A grouping I hung in my living room. Yes, I am aware the top right frame is blank – I haven’t chosen one of my photos for it yet.
2 prints over a chair in my living room.
Earlier this week I read a post on Hyperallergic (which is a fantastic blog that you should read as soon as you’re done with this post!) about the Georgia Museum of Art’s interesting new deaccession ideas. For the unaware, deaccessioning is the process of a museum or gallery selling off works of art it owns to raise funds – which are usually used to purchase new art for the collection.
Deaccessioning has been a hot topic all around the US this week – an article in Detroit’s Free Press from May 24th mentioned the Detroit Institute of Art is looking into selling off some of its collection to pay the city’s debts. Setting aside the fact that I feel this idea is wrong on so many levels (this is a rant worth an entire future blog post), let’s look at one very interesting question the general deaccessioning process brings up: how do you decide what to cull from the collection?
Growing up in New Orleans, I always took the existence of Mardi Gras parades for granted. I never wondered where they came from, or how they were made, or even who paid for them; the floats simply showed up. Every year, like clock-work, you got the same parades on the same nights. There’s an old joke in the city that kids grow up thinking Mardi Gras is a national holiday and are ridiculously confused when they find out it isn’t. Carnival as a child just is.
But recently I’ve spent a lot of times behind the scenes, and a lot of time explaining the process of Mardi Gras to locals and out-of-towners alike. And so I’ve learned a lot about all of the work that goes into creating this year after year after year. I’ve been to over 20 years worth of parades, ridden in 4, and have been working almost 24/7 with floats for the past few months, yet I’m finding something new to love every day.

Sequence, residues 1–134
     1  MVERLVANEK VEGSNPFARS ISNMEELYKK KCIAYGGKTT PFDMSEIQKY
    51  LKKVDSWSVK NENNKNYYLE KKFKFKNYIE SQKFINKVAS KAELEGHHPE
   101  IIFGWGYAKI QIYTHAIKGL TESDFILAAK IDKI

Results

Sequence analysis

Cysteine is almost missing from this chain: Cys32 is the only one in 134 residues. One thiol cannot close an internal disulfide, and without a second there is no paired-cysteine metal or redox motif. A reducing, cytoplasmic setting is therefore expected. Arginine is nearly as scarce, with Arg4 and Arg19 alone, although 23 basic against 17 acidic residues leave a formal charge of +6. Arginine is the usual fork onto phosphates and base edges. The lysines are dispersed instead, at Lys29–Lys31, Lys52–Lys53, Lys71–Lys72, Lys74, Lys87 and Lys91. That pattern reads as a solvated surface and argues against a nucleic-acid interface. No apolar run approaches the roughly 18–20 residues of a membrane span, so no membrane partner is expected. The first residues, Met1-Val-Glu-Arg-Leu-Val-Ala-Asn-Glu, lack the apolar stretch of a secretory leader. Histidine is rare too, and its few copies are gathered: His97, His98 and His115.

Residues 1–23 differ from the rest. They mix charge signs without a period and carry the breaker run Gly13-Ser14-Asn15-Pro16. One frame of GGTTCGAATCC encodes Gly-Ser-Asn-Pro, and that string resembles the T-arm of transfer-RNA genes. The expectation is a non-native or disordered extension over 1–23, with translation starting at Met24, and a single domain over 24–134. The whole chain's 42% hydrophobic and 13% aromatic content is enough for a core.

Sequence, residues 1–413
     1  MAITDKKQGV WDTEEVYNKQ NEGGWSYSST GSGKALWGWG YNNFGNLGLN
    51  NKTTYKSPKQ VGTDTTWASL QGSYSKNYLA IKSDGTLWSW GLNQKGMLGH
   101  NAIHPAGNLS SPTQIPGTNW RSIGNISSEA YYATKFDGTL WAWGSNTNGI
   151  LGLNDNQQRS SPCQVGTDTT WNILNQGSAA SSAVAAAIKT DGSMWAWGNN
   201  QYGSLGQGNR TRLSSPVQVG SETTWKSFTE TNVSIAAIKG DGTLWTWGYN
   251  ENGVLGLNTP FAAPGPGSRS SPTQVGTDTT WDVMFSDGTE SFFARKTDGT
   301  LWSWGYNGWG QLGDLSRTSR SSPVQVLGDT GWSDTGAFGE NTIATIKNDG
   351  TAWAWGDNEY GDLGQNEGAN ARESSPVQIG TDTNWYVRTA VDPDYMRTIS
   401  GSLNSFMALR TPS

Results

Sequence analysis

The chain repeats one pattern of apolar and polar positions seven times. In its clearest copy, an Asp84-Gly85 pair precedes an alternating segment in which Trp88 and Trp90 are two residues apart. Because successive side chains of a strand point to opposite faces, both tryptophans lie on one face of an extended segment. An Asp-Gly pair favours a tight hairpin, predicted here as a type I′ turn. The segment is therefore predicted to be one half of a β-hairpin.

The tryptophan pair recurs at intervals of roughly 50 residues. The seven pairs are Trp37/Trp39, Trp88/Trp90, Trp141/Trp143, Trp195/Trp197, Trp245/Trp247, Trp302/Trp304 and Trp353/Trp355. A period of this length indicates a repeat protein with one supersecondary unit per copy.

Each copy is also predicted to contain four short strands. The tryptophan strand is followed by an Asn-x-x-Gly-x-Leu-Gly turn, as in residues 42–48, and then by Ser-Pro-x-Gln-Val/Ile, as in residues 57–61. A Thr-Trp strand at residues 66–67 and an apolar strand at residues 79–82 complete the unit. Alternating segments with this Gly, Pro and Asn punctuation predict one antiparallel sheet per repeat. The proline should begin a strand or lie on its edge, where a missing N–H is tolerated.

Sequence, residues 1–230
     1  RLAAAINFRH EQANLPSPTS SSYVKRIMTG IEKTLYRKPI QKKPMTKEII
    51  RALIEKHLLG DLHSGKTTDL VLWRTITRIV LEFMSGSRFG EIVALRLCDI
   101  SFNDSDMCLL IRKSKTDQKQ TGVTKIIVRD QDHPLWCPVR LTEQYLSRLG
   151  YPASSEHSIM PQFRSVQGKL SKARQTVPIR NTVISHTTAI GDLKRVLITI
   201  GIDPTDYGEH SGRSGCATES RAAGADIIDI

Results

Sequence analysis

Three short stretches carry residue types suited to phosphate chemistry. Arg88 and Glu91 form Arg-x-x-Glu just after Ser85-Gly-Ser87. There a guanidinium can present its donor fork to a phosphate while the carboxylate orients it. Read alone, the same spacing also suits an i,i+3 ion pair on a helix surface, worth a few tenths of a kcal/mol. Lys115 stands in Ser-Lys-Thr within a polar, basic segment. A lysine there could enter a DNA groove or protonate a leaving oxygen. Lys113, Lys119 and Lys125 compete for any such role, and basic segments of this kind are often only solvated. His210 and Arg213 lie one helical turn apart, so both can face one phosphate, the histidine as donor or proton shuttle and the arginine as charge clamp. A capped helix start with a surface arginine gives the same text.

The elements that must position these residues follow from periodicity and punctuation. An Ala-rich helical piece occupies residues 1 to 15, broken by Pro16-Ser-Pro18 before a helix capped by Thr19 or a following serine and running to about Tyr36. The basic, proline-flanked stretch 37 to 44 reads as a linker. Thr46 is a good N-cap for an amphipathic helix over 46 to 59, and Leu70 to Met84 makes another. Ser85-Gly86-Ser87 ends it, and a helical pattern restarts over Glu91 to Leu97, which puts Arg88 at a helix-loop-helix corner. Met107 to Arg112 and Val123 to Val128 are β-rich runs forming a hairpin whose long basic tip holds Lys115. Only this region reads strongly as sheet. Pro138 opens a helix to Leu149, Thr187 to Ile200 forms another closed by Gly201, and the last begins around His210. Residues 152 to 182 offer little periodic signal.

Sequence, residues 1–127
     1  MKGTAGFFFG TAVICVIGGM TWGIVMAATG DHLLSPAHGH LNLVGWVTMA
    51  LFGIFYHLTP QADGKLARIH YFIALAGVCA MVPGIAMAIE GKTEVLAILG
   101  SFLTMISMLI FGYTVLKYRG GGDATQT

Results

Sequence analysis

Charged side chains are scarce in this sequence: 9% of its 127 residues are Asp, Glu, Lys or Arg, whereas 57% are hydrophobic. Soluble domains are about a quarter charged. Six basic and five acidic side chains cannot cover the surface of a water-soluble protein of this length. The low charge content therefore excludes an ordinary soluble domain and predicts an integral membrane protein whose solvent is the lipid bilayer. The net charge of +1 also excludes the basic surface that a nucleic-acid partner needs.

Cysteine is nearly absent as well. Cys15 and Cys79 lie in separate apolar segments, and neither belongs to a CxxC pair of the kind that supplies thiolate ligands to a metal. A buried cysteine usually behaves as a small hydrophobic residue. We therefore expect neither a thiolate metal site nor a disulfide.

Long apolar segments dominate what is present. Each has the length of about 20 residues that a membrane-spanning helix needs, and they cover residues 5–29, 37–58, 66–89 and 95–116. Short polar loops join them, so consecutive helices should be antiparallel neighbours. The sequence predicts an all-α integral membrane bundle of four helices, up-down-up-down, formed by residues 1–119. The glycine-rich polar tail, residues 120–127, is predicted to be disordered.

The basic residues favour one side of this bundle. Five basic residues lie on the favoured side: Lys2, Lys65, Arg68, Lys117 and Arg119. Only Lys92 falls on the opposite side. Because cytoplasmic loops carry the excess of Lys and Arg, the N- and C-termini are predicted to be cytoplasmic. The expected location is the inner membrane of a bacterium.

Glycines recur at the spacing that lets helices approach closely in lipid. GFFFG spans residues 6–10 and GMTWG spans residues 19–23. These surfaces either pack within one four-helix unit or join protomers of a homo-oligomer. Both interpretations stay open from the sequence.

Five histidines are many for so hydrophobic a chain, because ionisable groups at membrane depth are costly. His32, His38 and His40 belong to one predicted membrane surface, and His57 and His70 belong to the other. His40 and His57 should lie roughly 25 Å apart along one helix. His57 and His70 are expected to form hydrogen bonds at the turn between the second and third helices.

“Leviathan,” a signature float that has ridden with the Krewe of Orpheus every year since 1998.
Lately what I love most about Mardi Gras is that the vast majority of these floats are made with what we would all think of as basic materials. Styrofoam, tag board, wires, flat interior latex paints, wood, iron poles, paper mache, glitter, fabrics, colored lightbulbs, and fringe – all of these materials are used in constructing the floats and the props that decorate them. In fact, other than fiberglass and fiberoptic lights, pretty much everything that goes into a Mardi Gras float is “low-tech.” That just makes it all the more impressive.
In my last semester as an undergraduate, I finished my Italian minor with a seminar on Dante’s The Divine Comedy. I must’ve been feeling pretty confident in my language skills when I signed up, because the core of the class involved reading the entire Commedia in its original Italian. It was difficult, to say the least. Entirely worth it, but difficult.
To balance out the 14th century Italian overload, I chose to focus my thesis on artistic representations of Dante’s L’inferno (any way I can work art into a project is a win for me). What’s great about looking at these works of art from the last 700 years is that they mirror the way values have changed in art alongside similar changes in the human race.